ma·​cho | \ ˈmä-(ˌ)chō How to pronounce macho (audio) \

Definition of macho

 (Entry 1 of 2)

: characterized by machismo : aggressively virile


plural machos

Definition of macho (Entry 2 of 2)

1 : one who exhibits machismo

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Synonyms & Antonyms for macho

Synonyms: Noun

Antonyms: Noun

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Examples of macho in a Sentence

Adjective the macho world of football Noun their annual guys-only hunting trip is a celebration of macho
Recent Examples on the Web: Adjective Ferrante, for her part, has given it macho scope at 1,600 pages, expanding the stories of two poor girls—one of whom escapes the old neighborhood while the other stays behind—into a historical epic that encompasses six decades of postwar Italy. Elaine Blair, The New York Review of Books, "Making Order of the Breakdown," 8 Sep. 2020 Trump has perfected it, even as it is lightly greased with macho posturing. Melissa Gira Grant, The New Republic, "The Real, Paranoid Housewives of the Republican Convention," 27 Aug. 2020 In the 20th century, the American presidents seen as most charismatic had a macho strength associated with international conflict: the war hero John Kennedy, and his Cold War successor Ronald Reagan. David A. Bell, Fortune, "Why female leaders are faring better than ‘wartime presidents’ against COVID-19," 20 Aug. 2020 Breaking the rules, and getting away with it, is at the center of the ethos of macho lawlessness that underpins strongman rule. Ruth Ben-ghiat, The New York Review of Books, "Co-opt & Corrupt: How Trump Bent and Broke the GOP," 12 Aug. 2020 Feminism was still a dirty word in macho Texas when Maura McNiel, wife, mother, Sunday school teacher and community volunteer, dared to speak up for women’s rights. Jane Sumner, Dallas News, "Maura McNiel, longtime leader of the Dallas feminist movement, dies at 99," 8 Aug. 2020 During the coronavirus pandemic, leaders focused on defending a macho image have put their nations at risk in two ways. Peter Glick, Scientific American, "Why Some Male Leaders Won’t Follow COVID-19 Safety Protocols," 13 July 2020 French feminists, who have long sought to battle women’s oppression in a macho culture, welcomed the movement as a breakthrough that allowed victims to speak out at last — though no powerful French figures lost their jobs as a result. Arno Pedram,, "Women’s rights groups protest French ministers’ appointments," 7 July 2020 Mask-wearing somehow got aligned with party affiliation—possibly because Trump himself initially refused to wear a mask, possibly because mask-wearing got retroactively redefined as unmasculine, freaking out macho-aspirants. Megan Molteni, Wired, "How Masks Went From Don’t-Wear to Must-Have," 2 July 2020 Recent Examples on the Web: Noun The marines’ publicity bureau, established before the first world war, carefully cultivated an image of an elite force with a macho, Spartan streak. The Economist, "Send the Marines," 31 Mar. 2020 This latest film, which opens areawide on Christmas Day, has him as a super macho, super suave, super spy who becomes ... a pigeon. Chuck Yarborough, cleveland, "Superspy Will Smith and nerdy Tom Holland refuse to be pigeonholed in ‘Spies in Disguise’," 16 Dec. 2019 Patient, steadfast Inti, round faced and dimple cheeked, rebuke to the macho South American stereotype. Mathina Calliope, Longreads, "The Backcountry Prescription Experiment," 3 Dec. 2019 And vulnerable, with real feelings, rather than being this macho, trying-to-be-tough guy. Martha Ross, The Mercury News, "Brad Pitt: In a post-#MeToo world, men can be ‘vulnerable and own their ‘flaws’," 30 July 2019 Who would have ever thought that NASCAR — the ultimate macho-man sports — would defer to women’s soccer? Mike Bianchi,, "Coke Zero Sugar 400 shows NASCAR, NBC don’t know when to come in out of the rain | Commentary," 7 July 2019 The restaurant’s standout items are traditional Bolivian dishes, like the pique a la macho, an entree of steak strips sauteed with red onion, peppers and spices. Leeanne Griffin,, "La Familia Brings Authentic Bolivian Food To Canton," 25 June 2018 Eat WellBig Ben Huanchaco has fantastic seafood (stewed crabs, pescado a lo macho), with an unbeatable view of the bay. Catherine Elton, Condé Nast Traveler, "Your Next Surf Spot Should Be Peru," 16 Oct. 2018 Why Verge readers might care: Justice League was the most promising of the DC movies to date, and Momoa’s Aquaman, with his rough, smirking humor and outsized version of macho, was a major part of that. Tasha Robinson, The Verge, "The Verge fall movie preview, December 2018," 7 Sep. 2018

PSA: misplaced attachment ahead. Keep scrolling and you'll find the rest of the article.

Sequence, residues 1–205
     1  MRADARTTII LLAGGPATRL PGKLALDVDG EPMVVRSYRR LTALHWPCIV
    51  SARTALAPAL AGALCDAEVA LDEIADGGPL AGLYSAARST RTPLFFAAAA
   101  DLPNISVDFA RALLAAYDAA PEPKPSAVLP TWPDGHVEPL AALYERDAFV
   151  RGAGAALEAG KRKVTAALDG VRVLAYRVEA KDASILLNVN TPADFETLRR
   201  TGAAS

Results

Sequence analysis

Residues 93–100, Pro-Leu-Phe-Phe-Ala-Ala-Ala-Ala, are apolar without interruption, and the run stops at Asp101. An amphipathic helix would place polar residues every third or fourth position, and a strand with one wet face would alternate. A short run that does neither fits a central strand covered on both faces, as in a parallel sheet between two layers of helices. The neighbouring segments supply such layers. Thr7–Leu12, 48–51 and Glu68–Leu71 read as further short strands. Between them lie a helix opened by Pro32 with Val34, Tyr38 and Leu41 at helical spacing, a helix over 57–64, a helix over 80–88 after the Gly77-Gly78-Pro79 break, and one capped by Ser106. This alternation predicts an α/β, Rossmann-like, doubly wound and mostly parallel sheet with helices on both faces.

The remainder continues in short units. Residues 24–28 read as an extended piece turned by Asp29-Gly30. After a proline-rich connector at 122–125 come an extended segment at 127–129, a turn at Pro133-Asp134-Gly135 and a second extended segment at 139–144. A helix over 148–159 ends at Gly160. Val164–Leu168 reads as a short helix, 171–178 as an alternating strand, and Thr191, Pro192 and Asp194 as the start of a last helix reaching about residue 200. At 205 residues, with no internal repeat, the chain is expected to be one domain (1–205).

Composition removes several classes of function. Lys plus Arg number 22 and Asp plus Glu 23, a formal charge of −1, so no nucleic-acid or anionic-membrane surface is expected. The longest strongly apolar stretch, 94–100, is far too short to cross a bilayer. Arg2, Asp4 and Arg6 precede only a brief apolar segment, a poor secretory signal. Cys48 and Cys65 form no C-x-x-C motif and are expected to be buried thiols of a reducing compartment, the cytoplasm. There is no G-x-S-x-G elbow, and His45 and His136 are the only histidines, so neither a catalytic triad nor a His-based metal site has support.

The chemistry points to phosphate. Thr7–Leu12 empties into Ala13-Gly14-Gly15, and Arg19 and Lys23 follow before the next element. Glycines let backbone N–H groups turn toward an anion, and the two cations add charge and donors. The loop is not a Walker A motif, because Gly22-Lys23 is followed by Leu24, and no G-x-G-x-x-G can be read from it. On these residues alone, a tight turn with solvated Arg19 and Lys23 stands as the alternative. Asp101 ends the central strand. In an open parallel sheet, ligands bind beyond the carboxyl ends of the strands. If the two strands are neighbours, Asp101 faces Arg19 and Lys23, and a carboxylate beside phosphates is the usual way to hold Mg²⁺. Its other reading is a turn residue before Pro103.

These example sentences are selected automatically from various online news sources to reflect current usage of the word 'macho.' Views expressed in the examples do not represent the opinion of Merriam-Webster or its editors. Send us feedback.

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First Known Use of macho


1928, in the meaning defined above


1951, in the meaning defined at sense 1

History and Etymology for macho


Spanish, literally, male, from Latin masculus — more at masculine

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Time Traveler for macho

Time Traveler

The first known use of macho was in 1928

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Statistics for macho

Last Updated

12 Sep 2020

Cite this Entry

“Macho.” Dictionary, Merriam-Webster, Accessed 19 Sep. 2020.

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More Definitions for macho


How to pronounce macho (audio)

English Language Learners Definition of macho

often disapproving : having or showing qualities (such as very noticeable strength and aggression) that agree with traditional ideas about what men are like : manly or masculine in a very noticeable or exaggerated way

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Nglish: Translation of macho for Spanish Speakers